BEIJING (BLOOMBERG) – Chinese regulators imposed a series of requirements on Ant Group, including that the company returning to its origin of being a payments service provider and reforming lending, insurance and wealth management services, after summoning the fintech behemoth on Saturday.
Ant must be aware of the severity and necessity of restructuring its businesses, and come up with a plan and timetable as soon as possible, the People’s Bank of China (PBOC) said in a statement on Sunday (Dec 28). The Hangzhou-based firm also needs to set up a financial holding company to ensure capital sufficiency and compliance in connected transactions, while protecting personal data privacy in its credit-scoring services, it said.
The authorities also blasted Ant for what they said was poor corporate governance, disdain toward regulators’ compliance requirements, and engaging in regulatory arbitrage. The PBOC said Ant used its dominance to exclude rivals, hurting consumers’ interests.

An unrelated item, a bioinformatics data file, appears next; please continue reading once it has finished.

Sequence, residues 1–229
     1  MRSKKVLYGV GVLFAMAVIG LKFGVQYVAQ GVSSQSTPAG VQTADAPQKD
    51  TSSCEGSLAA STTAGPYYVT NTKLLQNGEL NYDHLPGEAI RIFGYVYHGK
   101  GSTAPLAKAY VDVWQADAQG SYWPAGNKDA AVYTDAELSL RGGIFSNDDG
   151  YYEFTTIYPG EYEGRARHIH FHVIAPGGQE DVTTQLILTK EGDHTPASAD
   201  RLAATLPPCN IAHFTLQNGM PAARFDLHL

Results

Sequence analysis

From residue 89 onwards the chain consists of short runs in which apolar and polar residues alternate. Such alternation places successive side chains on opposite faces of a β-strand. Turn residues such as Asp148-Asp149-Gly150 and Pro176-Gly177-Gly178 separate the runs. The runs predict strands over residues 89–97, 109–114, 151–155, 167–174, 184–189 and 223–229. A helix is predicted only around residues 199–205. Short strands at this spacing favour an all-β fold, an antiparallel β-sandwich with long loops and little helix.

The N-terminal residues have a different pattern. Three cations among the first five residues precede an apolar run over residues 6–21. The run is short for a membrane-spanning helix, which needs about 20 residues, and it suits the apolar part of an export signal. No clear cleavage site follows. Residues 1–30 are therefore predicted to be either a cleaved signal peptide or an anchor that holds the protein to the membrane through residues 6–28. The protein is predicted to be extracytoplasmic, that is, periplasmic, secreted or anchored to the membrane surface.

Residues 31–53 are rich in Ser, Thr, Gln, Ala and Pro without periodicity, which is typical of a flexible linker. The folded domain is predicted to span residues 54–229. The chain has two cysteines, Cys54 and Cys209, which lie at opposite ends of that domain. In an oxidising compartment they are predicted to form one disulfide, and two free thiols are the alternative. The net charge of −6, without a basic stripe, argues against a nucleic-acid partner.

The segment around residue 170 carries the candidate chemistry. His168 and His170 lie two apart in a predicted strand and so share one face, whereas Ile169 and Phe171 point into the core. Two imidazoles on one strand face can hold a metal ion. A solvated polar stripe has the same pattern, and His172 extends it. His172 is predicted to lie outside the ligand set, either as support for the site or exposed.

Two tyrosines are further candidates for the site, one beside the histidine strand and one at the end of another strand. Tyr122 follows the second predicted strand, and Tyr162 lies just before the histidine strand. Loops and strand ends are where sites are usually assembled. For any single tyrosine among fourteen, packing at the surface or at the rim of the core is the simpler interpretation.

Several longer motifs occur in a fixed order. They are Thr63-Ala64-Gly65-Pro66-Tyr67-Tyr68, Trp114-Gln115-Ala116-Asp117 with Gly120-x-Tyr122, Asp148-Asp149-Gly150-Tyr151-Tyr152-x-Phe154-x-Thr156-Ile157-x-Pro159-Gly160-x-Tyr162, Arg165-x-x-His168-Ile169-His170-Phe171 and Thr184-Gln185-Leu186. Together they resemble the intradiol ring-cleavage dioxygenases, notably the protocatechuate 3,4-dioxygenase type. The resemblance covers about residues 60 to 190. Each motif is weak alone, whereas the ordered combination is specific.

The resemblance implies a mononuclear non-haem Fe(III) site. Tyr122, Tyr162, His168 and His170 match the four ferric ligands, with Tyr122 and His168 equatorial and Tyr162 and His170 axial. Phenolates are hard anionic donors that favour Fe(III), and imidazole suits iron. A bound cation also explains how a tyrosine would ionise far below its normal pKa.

China kicked off an investigation on Thursday into alleged monopolistic practices at Alibaba Group Holding and summoned affiliate Ant to a high-level meeting over financial regulations, escalating scrutiny over the twin pillars of billionaire Jack Ma’s internet domain. The pressure on Mr Ma is central to a broader effort to curb an increasingly influential internet sphere.
Once hailed as drivers of economic prosperity and symbols of the country’s technological prowess, the empires built by Mr Ma, Tencent Holdings’ chairman, “Pony” Ma Huateng, and other tycoons are now under scrutiny after amassing hundreds of millions of users and gaining influence over almost every aspect of daily life in China.
Mr Ma’s own empire is in crisis mode. As of early December, with Ant under regulatory scrutiny, the man most closely identified with the meteoric rise of China Inc. was advised by the government to stay in the country, a person familiar with the matter has said. Alibaba itself has shed more than $100 billion of market value since November, when regulators torpedoed what would have been a record US$35 billion (S$46.5 billion) Ant debut.
His top executives are part of a task force that already has almost daily interactions with watchdogs.
Meanwhile, regulators, including the China Banking and Insurance Regulatory Commission, are weighing which businesses Ant should give up control of to contain the risks it poses to the economy, officials with knowledge of the matter have said. They haven’t settled on whether to carve up its different lines of operation, split its online and offline services, or pursue a different path altogether.
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